Analysing Waste in the Development Process of Technological Innovation Projects in a Brazilian Public University


  • June Marques Fernandes
  • Luciana Paula Reis
  • Carolina Lima Silva Brasileira



Technological Innovation, Waste, Lean Product Development, Academic Environment, New Product Development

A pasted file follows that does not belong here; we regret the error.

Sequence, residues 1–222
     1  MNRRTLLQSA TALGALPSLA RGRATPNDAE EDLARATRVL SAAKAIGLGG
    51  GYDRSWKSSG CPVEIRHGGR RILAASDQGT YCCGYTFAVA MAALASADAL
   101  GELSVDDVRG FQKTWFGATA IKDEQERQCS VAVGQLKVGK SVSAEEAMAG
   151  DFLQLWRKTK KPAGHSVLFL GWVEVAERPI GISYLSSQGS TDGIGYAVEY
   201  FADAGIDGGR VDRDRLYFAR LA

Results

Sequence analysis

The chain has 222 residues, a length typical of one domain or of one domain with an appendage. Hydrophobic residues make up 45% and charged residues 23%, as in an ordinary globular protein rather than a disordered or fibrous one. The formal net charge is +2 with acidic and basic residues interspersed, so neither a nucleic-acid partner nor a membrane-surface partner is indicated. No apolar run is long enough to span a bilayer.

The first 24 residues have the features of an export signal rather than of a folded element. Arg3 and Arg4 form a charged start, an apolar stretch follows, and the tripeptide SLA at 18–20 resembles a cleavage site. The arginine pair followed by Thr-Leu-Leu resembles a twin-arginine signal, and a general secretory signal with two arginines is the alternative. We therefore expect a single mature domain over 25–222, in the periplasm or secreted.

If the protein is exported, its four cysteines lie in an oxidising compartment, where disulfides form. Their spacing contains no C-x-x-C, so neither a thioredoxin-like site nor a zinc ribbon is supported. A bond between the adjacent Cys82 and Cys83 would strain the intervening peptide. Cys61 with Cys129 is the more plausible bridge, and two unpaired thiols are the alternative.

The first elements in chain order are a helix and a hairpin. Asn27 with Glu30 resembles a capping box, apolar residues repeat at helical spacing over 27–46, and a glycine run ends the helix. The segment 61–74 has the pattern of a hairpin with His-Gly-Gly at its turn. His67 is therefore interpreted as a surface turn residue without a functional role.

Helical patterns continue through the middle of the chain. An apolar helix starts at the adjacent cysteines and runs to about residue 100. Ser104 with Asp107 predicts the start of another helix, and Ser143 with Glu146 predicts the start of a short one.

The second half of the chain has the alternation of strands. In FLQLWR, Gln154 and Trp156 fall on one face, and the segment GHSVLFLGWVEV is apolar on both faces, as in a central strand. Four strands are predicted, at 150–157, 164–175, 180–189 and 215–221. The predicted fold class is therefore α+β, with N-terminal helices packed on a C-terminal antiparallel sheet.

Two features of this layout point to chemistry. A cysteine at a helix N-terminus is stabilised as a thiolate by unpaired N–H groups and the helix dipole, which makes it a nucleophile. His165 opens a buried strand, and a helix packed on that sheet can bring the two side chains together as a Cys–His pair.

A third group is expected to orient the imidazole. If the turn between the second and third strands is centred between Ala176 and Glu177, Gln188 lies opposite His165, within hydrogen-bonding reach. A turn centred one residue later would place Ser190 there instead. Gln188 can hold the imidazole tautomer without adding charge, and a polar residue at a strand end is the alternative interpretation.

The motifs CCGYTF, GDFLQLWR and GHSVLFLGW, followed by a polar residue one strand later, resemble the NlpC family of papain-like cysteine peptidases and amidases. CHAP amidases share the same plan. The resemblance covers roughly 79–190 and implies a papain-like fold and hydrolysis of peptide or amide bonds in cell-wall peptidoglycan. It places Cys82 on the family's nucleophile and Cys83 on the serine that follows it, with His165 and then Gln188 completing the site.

Technological innovation assumes a strategic role in organisational competitiveness. In this sense, it is perceived that universities represent a point of reference for the development of technological projects. The academic innovations arising from these projects are the result of three processes: product development process, business process and technology transfer. During the development of these projects, the team of researchers-entrepreneurs experiences different types of waste. This waste can be studied from the Lean Production Development (LPD) perspective. The LPD constitutes a set of practices capable of mitigating the waste that affects the new product development process (NPD). Aiming to address the scarcity of studies that address incident waste in the NPD of academic projects, this research aims to identify the frequency with which researcher-entrepreneurs experience each category and subcategory of waste during the development of the three processes (technology planning process - TPP; ii) technology transfer planning process - TTPP, and business planning process - BPP), from the perspective of the LPD. These three processes were subdivided into phases: i) initial, ii) intermediate and iii) final. Based on a quali-quantitative approach and using the methodological strategy of multiple case studies, this research analysed the context of nine technological innovation projects developed in a Brazilian federal university. Data were collected using a questionnaire prepared on a Likert scale. Eleven categories and 47 subcategories of waste were analysed in these projects. As a result, it was observed that during NPD, the waste category “waiting” was the most experienced in the different stages of the development of technological innovation, especially the subcategory “unavailability of resources”. Regarding business development and technology transfer processes, the “waiting” category was also the most experienced, except in the initial phase when the “defects” category was more significant. However, analysing the 11 categories of waste, it was observed that the category “defect”, especially the subcategory “information with insufficient quality” was the most experienced in the phases of technological innovation. From the identification of the different categories and subcategories of waste experienced in the context of technological innovation projects, it is clear that this research provides important elements to help identify LPD practices capable of mitigating the waste experienced during the NPD process in the academic environment.